Easy Recipes, Food, Fresh made soups, Friends

Graduate School, Cooking with Friends, and Coq au Vin

My love affair with coq au vin began at a particularly difficult moment for my then younger self. I was inching in on finishing my master’s degree in communication at Ohio State University in 1980. I defended my master’s thesis and my committee gave me 6 reasonable changes. Except, at that point, I wasn’t reasonable. I was tired. The typist for my thesis, my friend Rick, was tired. There was a lot of political scrambling in my academic environment which was very uncomfortable. Competitive professors didn’t want students to work with other professors, a competitive graduate student culture, demands on my time as a speech coach. I wanted to be done. So,… I decided I was. I went home from my defense, opened the door to our house and said to my typist and my roommates “I quit! I don’t need a master’s degree and I don’t have anything to prove to anyone. They were stunned into silence.” My roommate Trish, rarely lacking for words said, “Awesome! Let’s party! I want to make coq au vin. Where’s the wine?” As she and our roommate Mimi started preparing food, Rick helped me box up everything related to my thesis and put it in the basement. I was done! I felt free! It was exhilarating! That day we cooked; laughed; drank wine (a lot of wine). We invited friends over and played in the rain. I breathed. We were all a bit (or a lot) “happy” by the time the coq au vin was ready, several hours later and together we enjoyed one of the best, most delicious, meals of my life.

Three years ago, my friends at Wichita State University, Mara, Glyn and I began a tradition of spending a day cooking together that we have done several times (but not nearly often enough). We begin the day at Mara’s with brunch, sometimes just the 3 of us. Sometimes with more friends. Mara always makes palachinque (Bosnian pancakes – which will be the topic of a later blog post); the rest of us bring whatever we want to eat with the pancakes. Then if we’ve decided what we want to cook, again with wine, usually also with music and dancing, always with laughter and friendship, we cook dinner together. The first time we cooked together, I told my graduate school story as we were trying to decide what we wanted for dinner. That did it. The decision was made. Coq au vin it would be. It was a wonderful day and the coq au vin was as delicious as I remembered.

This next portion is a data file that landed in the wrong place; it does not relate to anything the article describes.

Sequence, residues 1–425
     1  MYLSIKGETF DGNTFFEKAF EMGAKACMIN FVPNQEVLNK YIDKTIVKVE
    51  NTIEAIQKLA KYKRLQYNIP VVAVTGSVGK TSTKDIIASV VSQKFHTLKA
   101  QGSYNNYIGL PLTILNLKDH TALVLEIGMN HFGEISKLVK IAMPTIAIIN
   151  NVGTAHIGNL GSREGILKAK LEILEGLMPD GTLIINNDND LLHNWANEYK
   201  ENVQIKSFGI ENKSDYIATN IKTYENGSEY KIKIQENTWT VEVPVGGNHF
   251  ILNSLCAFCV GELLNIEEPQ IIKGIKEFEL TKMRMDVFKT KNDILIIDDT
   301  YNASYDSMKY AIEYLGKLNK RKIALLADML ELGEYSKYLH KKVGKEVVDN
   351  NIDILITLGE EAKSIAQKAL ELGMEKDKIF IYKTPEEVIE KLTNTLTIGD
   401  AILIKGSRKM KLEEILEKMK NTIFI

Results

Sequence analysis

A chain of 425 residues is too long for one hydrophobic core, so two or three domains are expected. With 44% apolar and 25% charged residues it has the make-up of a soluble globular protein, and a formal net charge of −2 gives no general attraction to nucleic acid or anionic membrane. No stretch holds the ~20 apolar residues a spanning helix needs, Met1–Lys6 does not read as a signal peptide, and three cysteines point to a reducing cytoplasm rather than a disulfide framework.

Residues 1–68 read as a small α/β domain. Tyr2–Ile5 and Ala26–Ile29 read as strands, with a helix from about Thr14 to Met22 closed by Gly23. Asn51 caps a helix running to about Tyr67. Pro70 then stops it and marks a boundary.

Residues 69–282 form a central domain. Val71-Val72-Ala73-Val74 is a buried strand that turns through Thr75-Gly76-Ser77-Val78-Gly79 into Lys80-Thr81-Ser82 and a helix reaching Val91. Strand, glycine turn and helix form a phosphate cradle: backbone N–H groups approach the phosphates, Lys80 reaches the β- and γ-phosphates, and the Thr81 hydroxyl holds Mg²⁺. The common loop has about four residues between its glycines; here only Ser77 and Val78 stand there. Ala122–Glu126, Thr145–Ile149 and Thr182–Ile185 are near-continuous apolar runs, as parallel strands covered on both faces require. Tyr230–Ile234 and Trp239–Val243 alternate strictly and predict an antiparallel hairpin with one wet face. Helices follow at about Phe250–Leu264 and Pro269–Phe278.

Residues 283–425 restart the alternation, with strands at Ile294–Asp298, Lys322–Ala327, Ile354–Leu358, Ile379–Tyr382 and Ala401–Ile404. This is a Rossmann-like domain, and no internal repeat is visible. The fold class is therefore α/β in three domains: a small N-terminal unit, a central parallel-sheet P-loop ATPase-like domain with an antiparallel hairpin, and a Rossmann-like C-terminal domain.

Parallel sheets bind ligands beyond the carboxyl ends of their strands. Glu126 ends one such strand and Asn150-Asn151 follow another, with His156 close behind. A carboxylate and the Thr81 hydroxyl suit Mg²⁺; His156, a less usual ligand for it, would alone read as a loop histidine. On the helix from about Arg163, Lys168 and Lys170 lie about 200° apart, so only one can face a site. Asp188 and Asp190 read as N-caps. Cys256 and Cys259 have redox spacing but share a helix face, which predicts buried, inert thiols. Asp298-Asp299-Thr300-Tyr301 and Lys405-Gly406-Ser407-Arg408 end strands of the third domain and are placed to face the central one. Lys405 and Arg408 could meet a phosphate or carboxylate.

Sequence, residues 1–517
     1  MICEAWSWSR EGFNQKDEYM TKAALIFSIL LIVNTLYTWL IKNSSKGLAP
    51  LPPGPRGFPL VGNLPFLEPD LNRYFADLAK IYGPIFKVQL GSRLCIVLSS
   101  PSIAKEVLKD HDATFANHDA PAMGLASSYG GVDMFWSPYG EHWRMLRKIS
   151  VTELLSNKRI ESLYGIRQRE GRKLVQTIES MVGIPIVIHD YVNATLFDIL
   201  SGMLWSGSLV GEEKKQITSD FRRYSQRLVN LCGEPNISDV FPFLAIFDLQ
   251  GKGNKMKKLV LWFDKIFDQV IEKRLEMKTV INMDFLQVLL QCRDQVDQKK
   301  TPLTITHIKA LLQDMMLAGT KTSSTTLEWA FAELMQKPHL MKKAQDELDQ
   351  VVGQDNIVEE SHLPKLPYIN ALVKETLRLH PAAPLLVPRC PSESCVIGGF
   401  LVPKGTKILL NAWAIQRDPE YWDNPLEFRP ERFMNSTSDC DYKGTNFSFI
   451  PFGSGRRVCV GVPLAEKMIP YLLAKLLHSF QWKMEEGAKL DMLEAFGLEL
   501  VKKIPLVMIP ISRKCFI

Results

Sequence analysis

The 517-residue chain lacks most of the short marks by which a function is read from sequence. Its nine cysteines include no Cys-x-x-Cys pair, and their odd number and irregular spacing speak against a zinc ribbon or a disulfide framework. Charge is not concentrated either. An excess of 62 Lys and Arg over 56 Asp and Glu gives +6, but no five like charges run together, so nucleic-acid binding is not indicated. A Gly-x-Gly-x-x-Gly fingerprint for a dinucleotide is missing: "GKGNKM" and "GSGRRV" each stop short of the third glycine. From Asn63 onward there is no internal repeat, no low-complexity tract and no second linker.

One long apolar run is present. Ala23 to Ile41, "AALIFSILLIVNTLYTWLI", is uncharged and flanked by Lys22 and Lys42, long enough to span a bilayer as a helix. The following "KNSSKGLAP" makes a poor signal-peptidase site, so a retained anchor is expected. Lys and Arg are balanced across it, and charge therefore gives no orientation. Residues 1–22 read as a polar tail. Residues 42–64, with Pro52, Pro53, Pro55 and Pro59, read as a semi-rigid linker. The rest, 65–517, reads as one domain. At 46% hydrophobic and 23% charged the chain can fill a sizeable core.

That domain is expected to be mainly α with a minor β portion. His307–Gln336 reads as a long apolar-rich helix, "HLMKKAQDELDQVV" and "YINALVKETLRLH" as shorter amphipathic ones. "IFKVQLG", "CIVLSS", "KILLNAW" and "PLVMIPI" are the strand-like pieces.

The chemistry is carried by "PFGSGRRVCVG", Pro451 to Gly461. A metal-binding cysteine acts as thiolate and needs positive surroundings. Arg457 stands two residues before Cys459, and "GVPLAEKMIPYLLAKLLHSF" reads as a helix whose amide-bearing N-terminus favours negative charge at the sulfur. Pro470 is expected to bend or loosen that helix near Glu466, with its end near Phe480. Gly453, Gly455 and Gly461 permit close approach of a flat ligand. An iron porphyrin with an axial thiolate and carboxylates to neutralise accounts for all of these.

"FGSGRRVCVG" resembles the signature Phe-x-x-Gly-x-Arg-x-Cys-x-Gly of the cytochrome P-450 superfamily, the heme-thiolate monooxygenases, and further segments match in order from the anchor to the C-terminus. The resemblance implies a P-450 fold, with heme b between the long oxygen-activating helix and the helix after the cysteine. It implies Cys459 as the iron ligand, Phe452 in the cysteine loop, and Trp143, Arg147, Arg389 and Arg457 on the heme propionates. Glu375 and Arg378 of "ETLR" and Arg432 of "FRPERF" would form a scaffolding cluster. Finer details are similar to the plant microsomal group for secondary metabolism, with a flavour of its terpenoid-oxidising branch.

The third time I made coq au vin, again for my friends on one of our cooking days, my last as a resident of Wichita, was in celebration of my birthday, my retirement, and my moving to Colorado. For more on my retirement decision, click here: The three of us shared a delicious brunch and couldn’t decide what we wanted to cook. We reviewed what we’d made on prior occasions: pilaf, curry, cioppino, pasta… Mara looked me in the eye and with great certainty said, “Coq au vin. I want coq au vin. Let’s go shopping,” And off we went.

Throughout the day, more friends came and left, Jan, David, Carolyn (a new friend), Randa, Julie, Jeff. They wrote to me on a “Congratulations on your retirement, Happy Birthday, Good luck on your move” poster Mara had taped to the wall. Like always, we laughed; we danced; we talked; we ate; we drank wine; we prepared more food; we ate some more.

Glyn acted as my sous chef and we spent the day in Mara’s open kitchen preparing food while our friends floated in and out, enjoying all the tasty food everyone had brought. Food made in an atmosphere of love and friendship always tastes the best! It was another precious day!

Coq au vin is typically a rustic French chicken and wine stew with mushrooms, onions, carrots, and potatoes. We had salad, roasted vegetables, hard bread, more wine. Purists make coq au vin with bone-in chicken. I’ve done that twice and the recipe below is my newest modification, boneless chicken. I prefer this version for a number of reasons, most important, how much more quickly the chicken cooks, and how much easier it is to eat. As always, I perused various online recipes for inspiration. Our basic recipe was inspired by Ina Garten’s: http://www.foodnetwork.com/recipes/ina-garten/coq-au-vin-recipe4-2011654, Alton Brown’s:  http://www.foodnetwork.com/recipes/alton-brown/coq-au-vin-recipe-1952021, and the New York Times recipe: https://cooking.nytimes.com/recipes/1018529-coq-au-vin?mcubz=3. Below I’ll share our portions in such a way that they can be halved or quartered for easy adaptation of the number of people you need to feed. We were cooking for 10 people and hoping for leftovers.

Ingredients and preparation:

1 pound thick cut bacon (based on the theory that one can never have too much bacon) sliced into ¼ inch strips)